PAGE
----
A sophisticated series of glass galleries created using APL’s Architectural Series, it draws the views right on in.
In association with First Windows & Doors.
Down a narrow, tree-lined driveway at the end of a cul-de-sac, in a pretty special subdivision on the edge of an estuary, sits a house that the seed of an idea built. A busy working couple seeking to leave their Auckland City abode for the quiet calm of Riverhead half an hour north, its owners had held onto this unique piece of land while they let their wish-list germinate.
They dreamed of a country retreat that would be a luxurious dwelling for two, yet expand to welcome their older children, future grandchildren and guests when they came to stay. The spectacular result of their imagination and that of Young & Richards Architecture, project-led by Harriet Pilkington and Elvon Young, is a three-wing, four-bedroom work of art — a series of glass galleries that unveil a breathtaking view one step at a time.
Introduced to the couple by Synergy Build Group, Harriet and Elvon recall their delight when they saw the site. “I remember the bush with all the bees buzzing,” says Harriet. “It was beautiful — a kind of knoll that looked over the pond and then out towards the estuary, with amazing light and ever-changing reflections.”
Unassuming until you arrive at the end of the drive, this is a property that reveals itself slowly and subtly, which got Harriet and Elvon thinking about the individual moments they could capture, narrating a story in which the building gradually unfolds. Combining two trains of thought, they crossed a traditional rural vernacular (the farmhouse, the shed) with a strikingly contemporary one, resulting in an iconic rural-style building with all the openness and delicacy of a modernist glass pavilion. It acts as a structuring device for the land, protecting from the prevailing wind and shading from the sun while allowing visual engagement with the landscape.
“The home can effectively be described as a panorama — it’s a house that frames its views,” says Elvon. “A modernist pavilion by default has a lot of glass, but glass can take many forms, and in this case we used it to accentuate how the building floats on the landscape and the spaces float within the building. It blurs the boundaries between solid and void, light and shadow, inside and out.”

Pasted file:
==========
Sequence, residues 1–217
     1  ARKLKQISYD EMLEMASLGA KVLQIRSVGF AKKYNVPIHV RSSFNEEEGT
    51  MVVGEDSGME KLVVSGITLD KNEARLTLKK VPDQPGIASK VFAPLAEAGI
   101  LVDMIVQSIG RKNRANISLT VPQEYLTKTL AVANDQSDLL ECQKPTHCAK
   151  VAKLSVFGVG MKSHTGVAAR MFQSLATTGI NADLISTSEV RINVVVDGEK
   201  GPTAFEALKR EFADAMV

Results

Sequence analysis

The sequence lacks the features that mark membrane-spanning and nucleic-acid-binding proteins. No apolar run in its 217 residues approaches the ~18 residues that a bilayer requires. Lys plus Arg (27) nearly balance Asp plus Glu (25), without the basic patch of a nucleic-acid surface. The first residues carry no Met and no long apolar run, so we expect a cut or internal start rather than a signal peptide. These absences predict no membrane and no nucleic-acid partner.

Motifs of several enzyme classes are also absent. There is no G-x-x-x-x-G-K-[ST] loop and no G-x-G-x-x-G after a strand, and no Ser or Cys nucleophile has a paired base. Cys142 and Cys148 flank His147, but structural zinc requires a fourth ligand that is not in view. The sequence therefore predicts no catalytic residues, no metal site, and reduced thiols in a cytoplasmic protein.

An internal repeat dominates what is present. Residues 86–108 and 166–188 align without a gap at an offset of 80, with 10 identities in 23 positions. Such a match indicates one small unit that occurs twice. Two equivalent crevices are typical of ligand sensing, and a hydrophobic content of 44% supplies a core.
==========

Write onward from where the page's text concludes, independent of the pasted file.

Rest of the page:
Sensitive earthworks that honoured the ground’s existing contours optimised the site to allow the home to take in the view on one side, connect to a sheltered outdoor living and pool area on the other, and include a large underground garage and storage space. This private entry sees the couple drive around and into the belly of the house, then enter their home via a staircase, while the public entry takes visitors directly through the galleries.
“At the end of the driveway, the site opens up into this incredible view,” says Harriet. “It’s a very surprising reveal — and the house is the same. It has a curved wall much like the formal entry to a country manor, where you drive in and are presented with a door, but the view isn’t revealed until the door’s opened. Inside, there are wings that take you to different areas of the house, and you’d have no idea when you show up that there’s that outdoor pool area. Everything’s sort of tucked away and revealed in layers.”
Essential to the project’s success, the home’s windows and doors weren’t fabricated as individual units, as would typically be the case; here, that might have restricted the way in which the glass could be expressed in the building. “We were really lucky to have First Windows & Doors on board,” says Elvon. “They went well beyond the call of duty and fabricated the aluminium joinery on site, specifically crafting it to create and embrace all the unique opportunities the house has to offer.”
So as not to interrupt those glorious expanses of glass with horizontal joinery, full-height vertical louvres were specified for ventilation, while high-performance low-E glass was incorporated to enhance the thermal qualities of particular rooms. “The house is designed for sun, both to keep it out and capture it,” says Elvon. “Arguably, it’s a ginormous veranda, so you can open it up and let the breeze blow through, and close it down to keep in the warmth.”
For all its smarts and elegance, the home isn’t so precious that “if you have a single towel out of place the whole effect is ruined,” says Elvon. “This is a house that comes to life as it engages with its inhabitants and its environment. It doesn’t impose on the site, it’s an aperture for viewing it. It holds your attention, makes you smile, then disappears into pure sensation.”